Women with Down syndrome may not need mammograms at 40

Women with Down syndrome may not need mammograms at 40

A new study suggests mammograms may not need to occur as early, nor as frequent, for women with Down syndrome as they are usually being done.

The study, published in the journal Intellectual and Developmental Disabilities, looked at breast cancer screenings for 684 women with Down syndrome, as well as the results of 993 mammograms, and discovered the following findings:

  • Breast cancer is uncommon in women with Down syndrome. During the 16 years of charts reviewed, less than one percent (.7 percent) of the women studied had breast cancer, and none of the cases were invasive breast cancer. This compares with a 12-percent lifetime breast cancer risk in the general population.
  • Mammography screening could bring greater harm than benefit. People with Down syndrome are at a higher risk for the adverse effects from the radiation exposure that comes with the diagnostic test. Also, there’s concern for more intense psychological stresses that potentially accompany the screening process.
  • Further discussion is needed to determine if mammograms are a cost-effective part of health maintenance for women with Down syndrome.

Currently the American Cancer Society recommends all women over the age of 40 receive annual screening mammograms, while the Healthcare Quality research guidelines for women state that a mammogram is not needed until the age of 50, and then every other year after that.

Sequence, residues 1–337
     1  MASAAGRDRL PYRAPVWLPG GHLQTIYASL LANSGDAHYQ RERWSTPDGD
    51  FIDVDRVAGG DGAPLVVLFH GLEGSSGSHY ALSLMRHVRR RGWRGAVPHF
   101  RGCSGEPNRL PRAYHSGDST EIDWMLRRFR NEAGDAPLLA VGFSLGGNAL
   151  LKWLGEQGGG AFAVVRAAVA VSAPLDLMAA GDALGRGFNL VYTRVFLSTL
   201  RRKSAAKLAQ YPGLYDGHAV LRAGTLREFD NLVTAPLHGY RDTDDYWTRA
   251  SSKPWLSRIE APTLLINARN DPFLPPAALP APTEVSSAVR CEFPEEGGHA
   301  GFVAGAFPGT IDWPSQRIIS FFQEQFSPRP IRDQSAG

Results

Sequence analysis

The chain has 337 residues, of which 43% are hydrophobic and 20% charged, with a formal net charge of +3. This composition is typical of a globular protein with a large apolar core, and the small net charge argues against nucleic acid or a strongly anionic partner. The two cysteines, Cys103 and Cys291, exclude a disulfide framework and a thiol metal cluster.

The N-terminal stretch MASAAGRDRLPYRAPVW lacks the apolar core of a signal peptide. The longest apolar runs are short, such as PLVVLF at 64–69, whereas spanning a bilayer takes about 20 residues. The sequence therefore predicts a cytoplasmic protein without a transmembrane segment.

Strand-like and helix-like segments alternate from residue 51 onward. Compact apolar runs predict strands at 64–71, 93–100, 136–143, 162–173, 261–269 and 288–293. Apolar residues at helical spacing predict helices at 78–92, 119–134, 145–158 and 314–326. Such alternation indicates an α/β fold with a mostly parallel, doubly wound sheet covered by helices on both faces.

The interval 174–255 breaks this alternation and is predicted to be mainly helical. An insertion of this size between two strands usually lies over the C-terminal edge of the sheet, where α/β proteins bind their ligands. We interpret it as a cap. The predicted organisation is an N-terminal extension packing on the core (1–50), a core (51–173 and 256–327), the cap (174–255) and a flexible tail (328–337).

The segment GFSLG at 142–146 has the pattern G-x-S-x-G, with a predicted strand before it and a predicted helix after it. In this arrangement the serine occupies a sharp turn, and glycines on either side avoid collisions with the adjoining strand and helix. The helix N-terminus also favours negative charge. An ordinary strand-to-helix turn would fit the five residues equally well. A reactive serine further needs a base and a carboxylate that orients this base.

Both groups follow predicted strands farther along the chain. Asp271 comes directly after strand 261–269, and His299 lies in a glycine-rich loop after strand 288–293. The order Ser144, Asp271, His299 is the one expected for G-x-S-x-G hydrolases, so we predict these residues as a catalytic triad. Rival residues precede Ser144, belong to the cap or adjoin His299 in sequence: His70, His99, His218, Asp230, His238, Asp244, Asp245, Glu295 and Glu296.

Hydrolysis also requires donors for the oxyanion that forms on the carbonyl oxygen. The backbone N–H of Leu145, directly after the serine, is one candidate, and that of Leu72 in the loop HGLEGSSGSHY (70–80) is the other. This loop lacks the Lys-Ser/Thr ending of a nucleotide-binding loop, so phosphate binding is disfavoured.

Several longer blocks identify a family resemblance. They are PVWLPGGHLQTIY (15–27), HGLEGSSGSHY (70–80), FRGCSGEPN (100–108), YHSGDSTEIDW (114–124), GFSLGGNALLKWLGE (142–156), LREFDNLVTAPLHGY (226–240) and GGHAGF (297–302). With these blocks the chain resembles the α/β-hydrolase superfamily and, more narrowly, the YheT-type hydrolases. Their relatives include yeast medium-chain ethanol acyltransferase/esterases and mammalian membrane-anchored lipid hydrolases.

The study’s lead author, Dr. Brian Chicoine, director of the Advocate Medical Group Adult Down Syndrome Center at Advocate Lutheran General Hospital in Park Ridge, Ill., currently follows the Healthcare Quality Research guidelines and hopes this study  will encourage physicians to use these more conservative guidelines for women with Down syndrome.

He is also working with other organizations in a project to discuss with the U.S. Preventive Services Task Force whether even less or no mammogram screening may be appropriate for some women with Down syndrome.  This is part of an effort to update health care guidelines for adults with Down syndrome. Medical guidelines for adults with Down syndrome have not been updated since 1999.

This latest research is part of a larger effort to publish evidence-research regarding health conditions that present differently in people with Down syndrome compared to the general population.

“We want this evidence-based research to lead to meaningful change for the thousands of adolescents and adults with Down syndrome that we treat and that other doctors across the country treat, too,” says Dr. Chicoine.

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About the Author

Evonne Woloshyn
Evonne Woloshyn

Evonne Woloshyn, health enews contributor, is director of public affairs at Advocate Children's Hospital. Evonne began her career as an anchor and reporter in broadcast news. Over the past 20 years, she has worked in health care marketing in both Ohio and Illinois. Evonne loves to travel, spend time with family and is an avid Pittsburgh Steelers fan!